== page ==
Agencies

[Federal Register Volume 77, Number 135 (Friday, July 13, 2012)]
[Notices]
[Pages 41391-41394]
From the Federal Register Online via the Government Printing Office [www.gpo.gov]
[FR Doc No: 2012-17186]


-----------------------------------------------------------------------

DEPARTMENT OF EDUCATION


Final Priority; Rehabilitation Research and Training Center on 
Vocational Rehabilitation and Developing Strategies To Meet Employer 
Needs in Changing Economic Environments

AGENCY: Office of Special Education and Rehabilitative Services, 
Department of Education.

ACTION: Notice.

-----------------------------------------------------------------------

    Overview Information: CFDA Number: 84.133B-1. Final priority; 
National Institute on Disability and Rehabilitation Research (NIDRR)--
Disability and Rehabilitation Research Projects and Centers Program--
Rehabilitation Research and Training Center (RRTCs) on Vocational 
Rehabilitation (VR) and Developing Strategies to Meet Employer Needs in 
Changing Economic Environments.

SUMMARY: The Assistant Secretary for Special Education and 
Rehabilitative Services announces a priority for the Disability and 
Rehabilitation Research Projects and Centers Program administered by 
NIDRR. Specifically, this priority is for an RRTC on VR and developing 
strategies to meet employer needs in changing economic environments. 
The Assistant Secretary may use this priority for competitions in 
fiscal year (FY) 2012 and later years. We take this action to focus 
research attention on areas of national need. We intend this priority 
to improve employment outcomes for individuals with disabilities.

DATES: Effective Date: This priority is effective August 13, 2012.

FOR FURTHER INFORMATION CONTACT: Marlene Spencer, U.S. Department of 
Education, 400 Maryland Avenue SW., Room 5133, Potomac Center Plaza 
(PCP), Washington, DC 20202-2700. Telephone: (202) 245-7532 or by 
email: marlene.spencer@ed.gov.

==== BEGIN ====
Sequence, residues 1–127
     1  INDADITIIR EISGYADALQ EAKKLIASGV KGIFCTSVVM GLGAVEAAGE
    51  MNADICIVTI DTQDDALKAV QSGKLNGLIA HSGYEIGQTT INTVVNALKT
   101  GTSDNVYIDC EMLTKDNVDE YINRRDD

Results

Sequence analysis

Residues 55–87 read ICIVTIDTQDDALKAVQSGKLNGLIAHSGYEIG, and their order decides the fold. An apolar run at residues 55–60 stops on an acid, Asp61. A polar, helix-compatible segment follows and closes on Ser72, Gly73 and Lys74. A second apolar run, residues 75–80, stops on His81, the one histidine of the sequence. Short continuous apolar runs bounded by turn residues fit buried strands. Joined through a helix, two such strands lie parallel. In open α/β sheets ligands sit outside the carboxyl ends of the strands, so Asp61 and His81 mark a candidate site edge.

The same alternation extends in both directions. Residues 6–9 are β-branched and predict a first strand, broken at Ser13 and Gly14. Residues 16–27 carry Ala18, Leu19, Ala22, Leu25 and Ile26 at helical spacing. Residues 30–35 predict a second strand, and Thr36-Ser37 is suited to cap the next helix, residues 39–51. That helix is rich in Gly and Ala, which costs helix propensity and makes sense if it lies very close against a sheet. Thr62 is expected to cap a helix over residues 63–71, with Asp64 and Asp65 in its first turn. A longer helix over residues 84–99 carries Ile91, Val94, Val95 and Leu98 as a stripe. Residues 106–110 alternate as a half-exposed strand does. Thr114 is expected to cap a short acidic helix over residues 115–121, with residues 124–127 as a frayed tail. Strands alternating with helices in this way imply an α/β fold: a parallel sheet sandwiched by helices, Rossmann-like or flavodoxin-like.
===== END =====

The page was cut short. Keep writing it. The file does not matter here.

If you use a telecommunications device for the deaf (TDD) or a text 
telephone (TTY), call the Federal Relay Service (FRS), toll free, at 1-
800-877-8339.

SUPPLEMENTARY INFORMATION: This notice of final priority (NFP) is in 
concert with NIDRR's currently approved Long-Range Plan (Plan). The 
Plan, which was published in the Federal Register on February 15, 2006 
(71 FR 8165), can be accessed on the Internet at: www.ed.gov/about/offices/list/osers/nidrr/policy.html.
    By implementing the Plan, NIDRR seeks to: (1) Improve the quality 
and utility of disability and rehabilitation research; (2) foster an 
exchange of

[[Page 41392]]

expertise, information, and training to facilitate the advancement of 
knowledge and understanding of the unique needs of traditionally 
underserved populations; (3) determine best strategies and programs to 
improve rehabilitation outcomes for underserved populations; (4) 
identify research gaps; (5) identify mechanisms of integrating research 
and practice; and (6) disseminate findings.
    This notice announces a final priority that NIDRR intends to use 
for an RRTC competition in FY 2012 and possibly later years. However, 
nothing precludes NIDRR from publishing additional priorities, if 
needed. Furthermore, NIDRR is under no obligation to make an award for 
this priority. The decision to make an award will be based on the 
quality of applications received and available funding.

Purpose of Program

    The purpose of the Disability and Rehabilitation Research Projects 
and Centers Program is to plan and conduct research, demonstration 
projects, training, and related activities, including international 
activities; to develop methods, procedures, and rehabilitation 
technology that maximize the full inclusion and integration into 
society, employment, independent living, family support, and economic 
and social self-sufficiency of individuals with disabilities, 
especially individuals with the most severe disabilities; and to 
improve the effectiveness of services authorized under the 
Rehabilitation Act of 1973, as amended (Rehabilitation Act).

Rehabilitation Research and Training Centers (RRTCs)

    The purpose of the RRTCs, which are funded through the Disability 
and Rehabilitation Research Projects and Centers Program, is to improve 
the effectiveness of services authorized under the Rehabilitation Act, 
through advanced research, training, technical assistance, and 
dissemination activities in general problem areas, as specified by 
NIDRR. Such activities are designed to benefit rehabilitation service 
providers, individuals with disabilities, and the family members or 
other authorized representatives of individuals with disabilities.